Is that a water heater element?
Yes. It is a small 1440 watt unit.

How are you controlling the temp?
I have a few choices. First, I have a couple simple microprocessor based temp controllers I built from a kit. I'll likely start with them. I could also make custom microprocessor based controllers. Or, somebody pointed me to some real nice controllers that are used by home-brewers. They're inexpensive on eBay, called STC-1000.
STC-1000.png
 
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aeroHAWK

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I have a lot of balls in the air right now. :rolleyes: But I did have the opportunity to do more with my anodizing setup today. ;) In my previous post, I mentioned that I was getting some submersible pumps to circulate the fluids in the tanks, in favor of using the air agitation I had been using. They sat on the shelf a few weeks, but I finally had an idea that solved a few issues. :eagerness:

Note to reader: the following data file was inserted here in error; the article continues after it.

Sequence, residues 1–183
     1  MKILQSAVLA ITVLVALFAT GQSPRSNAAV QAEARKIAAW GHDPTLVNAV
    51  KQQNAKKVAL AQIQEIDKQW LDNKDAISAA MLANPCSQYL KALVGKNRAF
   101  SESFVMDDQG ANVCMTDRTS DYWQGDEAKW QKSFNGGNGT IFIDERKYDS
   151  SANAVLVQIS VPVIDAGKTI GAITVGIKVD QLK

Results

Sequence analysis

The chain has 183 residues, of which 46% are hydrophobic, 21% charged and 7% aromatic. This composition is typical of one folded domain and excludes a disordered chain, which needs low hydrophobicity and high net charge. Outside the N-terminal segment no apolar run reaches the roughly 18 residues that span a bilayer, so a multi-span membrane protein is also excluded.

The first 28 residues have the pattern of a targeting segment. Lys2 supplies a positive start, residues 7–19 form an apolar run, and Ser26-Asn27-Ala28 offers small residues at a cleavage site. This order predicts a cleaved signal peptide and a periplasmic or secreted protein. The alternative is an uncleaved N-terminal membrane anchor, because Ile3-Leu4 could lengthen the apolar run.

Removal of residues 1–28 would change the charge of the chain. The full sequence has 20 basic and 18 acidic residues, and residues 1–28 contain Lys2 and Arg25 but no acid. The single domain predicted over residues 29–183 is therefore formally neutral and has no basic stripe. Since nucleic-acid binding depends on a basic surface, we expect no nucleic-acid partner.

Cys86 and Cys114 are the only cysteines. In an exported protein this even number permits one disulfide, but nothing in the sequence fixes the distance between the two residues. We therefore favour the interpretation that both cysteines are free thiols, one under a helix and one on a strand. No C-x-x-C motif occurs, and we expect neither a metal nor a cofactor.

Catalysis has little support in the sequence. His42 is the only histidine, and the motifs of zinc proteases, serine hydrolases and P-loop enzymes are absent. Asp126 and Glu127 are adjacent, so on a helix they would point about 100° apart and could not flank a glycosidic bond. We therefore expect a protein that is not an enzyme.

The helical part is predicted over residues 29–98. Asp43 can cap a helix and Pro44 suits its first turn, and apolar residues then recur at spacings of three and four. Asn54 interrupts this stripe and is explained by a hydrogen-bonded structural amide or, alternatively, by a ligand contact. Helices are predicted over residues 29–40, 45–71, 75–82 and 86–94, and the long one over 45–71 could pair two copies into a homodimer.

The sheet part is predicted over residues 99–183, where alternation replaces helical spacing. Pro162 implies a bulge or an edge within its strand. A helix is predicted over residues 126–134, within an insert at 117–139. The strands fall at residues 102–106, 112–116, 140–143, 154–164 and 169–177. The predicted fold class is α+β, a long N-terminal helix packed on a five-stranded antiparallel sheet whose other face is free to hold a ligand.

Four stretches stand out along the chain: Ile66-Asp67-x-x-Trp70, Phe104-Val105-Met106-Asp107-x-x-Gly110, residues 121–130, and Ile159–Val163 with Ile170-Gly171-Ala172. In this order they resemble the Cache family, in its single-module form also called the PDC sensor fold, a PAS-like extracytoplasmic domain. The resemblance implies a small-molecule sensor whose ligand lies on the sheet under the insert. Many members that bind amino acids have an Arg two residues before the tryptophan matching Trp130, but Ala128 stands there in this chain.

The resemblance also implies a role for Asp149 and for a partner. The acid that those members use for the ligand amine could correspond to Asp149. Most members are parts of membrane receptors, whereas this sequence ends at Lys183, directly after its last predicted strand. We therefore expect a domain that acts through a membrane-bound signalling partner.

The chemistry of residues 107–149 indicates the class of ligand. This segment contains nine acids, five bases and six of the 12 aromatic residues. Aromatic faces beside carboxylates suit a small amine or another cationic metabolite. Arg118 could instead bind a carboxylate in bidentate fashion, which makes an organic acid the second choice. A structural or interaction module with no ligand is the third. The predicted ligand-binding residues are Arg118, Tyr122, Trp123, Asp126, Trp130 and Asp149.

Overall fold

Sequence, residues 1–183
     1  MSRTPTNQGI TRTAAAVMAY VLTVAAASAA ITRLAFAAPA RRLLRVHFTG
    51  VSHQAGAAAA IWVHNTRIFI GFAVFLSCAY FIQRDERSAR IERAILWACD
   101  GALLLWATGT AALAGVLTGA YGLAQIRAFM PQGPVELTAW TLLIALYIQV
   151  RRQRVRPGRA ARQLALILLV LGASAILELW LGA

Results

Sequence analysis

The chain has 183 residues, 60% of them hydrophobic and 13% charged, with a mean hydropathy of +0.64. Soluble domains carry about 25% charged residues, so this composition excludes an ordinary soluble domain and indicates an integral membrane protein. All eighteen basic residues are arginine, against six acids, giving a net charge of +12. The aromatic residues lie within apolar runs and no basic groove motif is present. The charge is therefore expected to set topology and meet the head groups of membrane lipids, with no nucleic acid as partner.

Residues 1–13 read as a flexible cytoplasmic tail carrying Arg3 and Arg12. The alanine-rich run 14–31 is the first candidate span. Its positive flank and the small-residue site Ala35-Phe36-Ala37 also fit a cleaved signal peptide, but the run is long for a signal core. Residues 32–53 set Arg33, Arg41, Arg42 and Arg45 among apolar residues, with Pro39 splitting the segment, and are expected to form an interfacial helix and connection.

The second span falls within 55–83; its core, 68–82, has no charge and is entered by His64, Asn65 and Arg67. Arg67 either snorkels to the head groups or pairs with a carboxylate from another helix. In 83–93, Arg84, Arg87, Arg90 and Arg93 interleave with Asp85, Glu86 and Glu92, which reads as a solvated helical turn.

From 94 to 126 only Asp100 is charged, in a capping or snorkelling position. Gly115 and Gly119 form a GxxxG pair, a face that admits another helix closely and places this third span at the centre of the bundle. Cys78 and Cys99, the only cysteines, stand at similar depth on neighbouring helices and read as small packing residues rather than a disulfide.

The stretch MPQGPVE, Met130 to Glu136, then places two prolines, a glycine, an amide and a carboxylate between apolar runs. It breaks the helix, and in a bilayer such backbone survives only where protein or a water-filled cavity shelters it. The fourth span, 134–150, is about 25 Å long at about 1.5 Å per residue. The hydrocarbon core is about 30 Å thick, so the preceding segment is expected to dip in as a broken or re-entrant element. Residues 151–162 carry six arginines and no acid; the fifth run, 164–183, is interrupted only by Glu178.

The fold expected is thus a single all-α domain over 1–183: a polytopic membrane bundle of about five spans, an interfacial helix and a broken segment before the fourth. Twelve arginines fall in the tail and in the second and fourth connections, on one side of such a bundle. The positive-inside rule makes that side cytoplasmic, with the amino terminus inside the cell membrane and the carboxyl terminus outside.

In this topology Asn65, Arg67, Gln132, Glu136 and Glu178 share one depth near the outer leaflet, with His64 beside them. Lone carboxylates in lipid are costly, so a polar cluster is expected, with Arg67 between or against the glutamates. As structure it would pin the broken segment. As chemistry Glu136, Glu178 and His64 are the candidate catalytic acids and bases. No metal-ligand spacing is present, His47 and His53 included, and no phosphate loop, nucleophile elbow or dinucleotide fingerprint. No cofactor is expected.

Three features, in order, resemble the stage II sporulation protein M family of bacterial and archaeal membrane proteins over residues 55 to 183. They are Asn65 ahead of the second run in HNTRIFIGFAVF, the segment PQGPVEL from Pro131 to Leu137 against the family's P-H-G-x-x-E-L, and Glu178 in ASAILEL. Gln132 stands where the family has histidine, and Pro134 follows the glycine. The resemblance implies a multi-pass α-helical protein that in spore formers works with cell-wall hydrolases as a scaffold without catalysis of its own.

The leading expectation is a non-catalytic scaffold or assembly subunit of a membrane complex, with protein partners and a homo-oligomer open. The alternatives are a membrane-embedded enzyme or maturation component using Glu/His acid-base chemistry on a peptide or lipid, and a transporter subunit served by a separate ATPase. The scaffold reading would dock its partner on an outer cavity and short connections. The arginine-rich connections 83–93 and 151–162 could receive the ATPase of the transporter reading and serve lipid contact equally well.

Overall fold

One of the issues, I haven't been happy with my heater element setup. Mostly, I haven't really had a setup. :eek:

Since I am now going to use a pump with a manifold, I figured I could mount the heater element in a larger vertical pipe in the manifold. I could then pump the fluid into the top of the pipe and down around the heater and into the branches of the manifold.
Image2.png

You can see the pump is attached to the top of the standpipe. The outlet is inserted into a hole in the side of the pipe. The inlet is a short length of vinyl tube beneath the pump. I made the standpipe from PVC fittings.
Image3.png